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Save the Majestic Monarch

By Kirsty Wilson, on June 21, 2016
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The Meadow Garden at Longwood is a beautiful space that helps to inform visitors about native and naturally producing flora throughout the seasons. The Meadow Garden also illustrates how native plants can be used in our own gardens both for aesthetic benefit and wildlife habitat. Each habitat in the Meadow demonstrates the complex interrelationships of plants, insects, birds, amphibians, and many other small animals. Sadly, in recent years the beloved monarch butterfly (Danaus plexippus) has been in decline due to habitat destruction. The good news is we can work to reverse this trend in our own gardens.

Monarch butterfly at Longwood Gardens. Photo by Kirsty Wilson. Monarch butterfly at Longwood Gardens. Photo by Kirsty Wilson.

The beautiful monarch butterfly is considered to be the king of the butterflies. These extraordinary insects travel up to 3,000 miles each fall to their wintering sites in Mexico and California. The monarch migrates for two reasons: it cannot survive the freezing weather in the north, and its food plants do not grow during the winter season. When monarchs visit our gardens in the summer months, many people are unaware of their interesting life cycle.

The monarch's complex life cycle has four stages: the egg, the larva (caterpillar), the pupa (chrysalis), and the adult butterfly. There are actually four generations within a year that complete the whole cycle. After migrating north in March or April the butterflies lay eggs on native milkweed plants, which the baby caterpillars continuously eat in order to grow strong. After about two weeks the caterpillars will attach themselves to a stem or leaf using silk to form a chrysalis. This process is called metamorphosis, during which the caterpillar turns into a beautiful butterfly.

Monarch caterpillar on milkweed leaf. Photo by Colin McCallum-Cook.Monarch caterpillar on milkweed leaf. Photo by Colin McCallum-Cook.

The fourth and final generation of the summer is slightly different from the previous generations, as the butterflies migrate south to warmer climates. They'll hibernate for a number of months in Mexico and California, until the next year when the whole process begins again. This is a fantastic example of how wonderful and complex nature can be. The migrating monarchs hibernate on the same host trees as their predecessors, which seems incredible because they are completely different butterflies from the previous year.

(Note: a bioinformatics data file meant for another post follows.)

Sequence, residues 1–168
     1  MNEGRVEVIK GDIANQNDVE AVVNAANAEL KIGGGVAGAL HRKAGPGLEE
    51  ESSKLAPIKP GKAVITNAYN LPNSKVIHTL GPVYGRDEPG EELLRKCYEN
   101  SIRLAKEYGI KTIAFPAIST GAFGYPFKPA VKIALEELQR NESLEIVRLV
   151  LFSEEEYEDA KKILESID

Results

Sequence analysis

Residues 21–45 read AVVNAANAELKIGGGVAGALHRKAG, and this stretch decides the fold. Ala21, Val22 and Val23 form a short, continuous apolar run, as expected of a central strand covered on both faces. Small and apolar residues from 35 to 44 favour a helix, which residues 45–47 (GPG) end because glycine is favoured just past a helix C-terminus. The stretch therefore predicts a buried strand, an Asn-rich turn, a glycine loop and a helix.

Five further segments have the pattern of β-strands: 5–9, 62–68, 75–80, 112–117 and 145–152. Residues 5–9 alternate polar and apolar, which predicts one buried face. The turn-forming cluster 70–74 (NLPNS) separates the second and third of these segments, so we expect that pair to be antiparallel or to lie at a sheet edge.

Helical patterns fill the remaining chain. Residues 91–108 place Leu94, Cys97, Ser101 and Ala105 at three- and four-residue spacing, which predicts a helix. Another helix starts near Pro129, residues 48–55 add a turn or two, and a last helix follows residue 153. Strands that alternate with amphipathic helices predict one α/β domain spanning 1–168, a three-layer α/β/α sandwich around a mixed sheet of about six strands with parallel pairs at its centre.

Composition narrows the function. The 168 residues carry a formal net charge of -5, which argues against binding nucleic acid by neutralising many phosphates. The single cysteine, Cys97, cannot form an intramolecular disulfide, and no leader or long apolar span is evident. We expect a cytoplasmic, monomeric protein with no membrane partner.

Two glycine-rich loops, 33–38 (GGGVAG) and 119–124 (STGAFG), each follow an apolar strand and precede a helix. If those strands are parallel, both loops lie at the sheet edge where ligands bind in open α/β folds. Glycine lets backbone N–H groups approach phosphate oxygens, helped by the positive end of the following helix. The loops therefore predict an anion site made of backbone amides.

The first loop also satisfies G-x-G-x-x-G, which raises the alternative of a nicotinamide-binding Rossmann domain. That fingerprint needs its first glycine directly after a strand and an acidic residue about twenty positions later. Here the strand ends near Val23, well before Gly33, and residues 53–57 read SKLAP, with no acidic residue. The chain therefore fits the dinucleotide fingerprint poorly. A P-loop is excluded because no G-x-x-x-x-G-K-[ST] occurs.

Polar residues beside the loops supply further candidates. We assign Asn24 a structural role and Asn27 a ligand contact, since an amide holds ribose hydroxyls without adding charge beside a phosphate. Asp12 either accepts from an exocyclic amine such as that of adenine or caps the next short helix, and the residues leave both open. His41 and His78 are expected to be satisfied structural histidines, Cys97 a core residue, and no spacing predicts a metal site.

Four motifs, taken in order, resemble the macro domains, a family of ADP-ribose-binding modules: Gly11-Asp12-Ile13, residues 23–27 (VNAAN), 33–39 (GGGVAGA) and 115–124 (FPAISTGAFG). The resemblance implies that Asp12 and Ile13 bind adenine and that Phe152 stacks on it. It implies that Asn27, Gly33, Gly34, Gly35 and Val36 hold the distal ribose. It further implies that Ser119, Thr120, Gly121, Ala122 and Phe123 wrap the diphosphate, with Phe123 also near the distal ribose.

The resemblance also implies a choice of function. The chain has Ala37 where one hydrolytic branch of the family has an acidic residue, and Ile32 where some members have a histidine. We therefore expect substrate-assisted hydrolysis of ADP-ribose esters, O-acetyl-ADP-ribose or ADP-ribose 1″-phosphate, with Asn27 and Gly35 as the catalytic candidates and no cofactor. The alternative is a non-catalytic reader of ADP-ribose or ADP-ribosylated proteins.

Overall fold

With habitat loss it is becoming important to protect this butterfly’s survival. Monarch larvae (caterpillars) only feed on native milkweeds (Asclepias spp.), which are perennial plants. This means the plant will come up year after year from rootstock below the ground. Gardeners can do their bit to save this beautiful butterfly by selecting milkweed species that are native to their region. The plant can be propagated by seed, cuttings, or division. Milkweeds are known for being a very diverse group of plants and are found throughout the Americas.

Here at Longwood the Meadow Garden contains common milkweed, butterfly milkweed, and swamp milkweed. Over the past few years we have been boosting the already established populations. We have also been working to introduce new species of milkweeds that are native, but not common, to our area: whorled milkweed, purple milkweed, and poke milkweed. Tropical milkweed from the south should not be grown as it can keep flowering throughout the winter, which encourages the monarchs to linger instead of flying south. Studies have also found that tropical milkweed can transmit a nasty parasite to the butterflies. This again highlights the importance of planting only native regional milkweeds.

Monarch on Asclepias incarnata (swamp milkweed) in the Meadow Garden. Photo by Tom Potterfield.Monarch on Asclepias incarnata (swamp milkweed) in the Meadow Garden. Photo by Tom Potterfield.

One interesting process carried out in the Longwood Meadow Garden is the mowing of milkweed in certain areas in early June. Milkweeds are known for being tough and quick to regrow. Cutting back delays the flowering until later in the summer. This provides late summer nectar and the caterpillars find the new leaf growth more palatable. Fully grown monarch caterpillars have no problem eating the tough leathery leaves of the milkweed. However, newly hatched caterpillars can’t break it down and digest it.

Monarchs are iconic American butterflies, as well as an important part of our global biodiversity. Their fascinating migration from Mexico across the United States is a truly unique phenomenon. The plight of monarchs brings awareness to the health of our natural landscape and its pollinators. Monarch decline is demonstrative of the environmental problems that pose a risk to food production and the overall health of our planet.  Every garden, school, business, community group, and private land owner can help by planting native milkweed and protecting monarch species for future generations.

Bring friends and family and Meet Us in the Meadow for A Pollination Celebration on June 25, 2016, from 4:00–8:00 pm.

National Pollinator Week is June 20–26, when organizations across the country highlight and share the importance of pollinators, including bees, birds, butterflies, and bats. Pollinator Week was initiated and is managed by the Pollinator Partnership. Learn more at www.pollinator.org.

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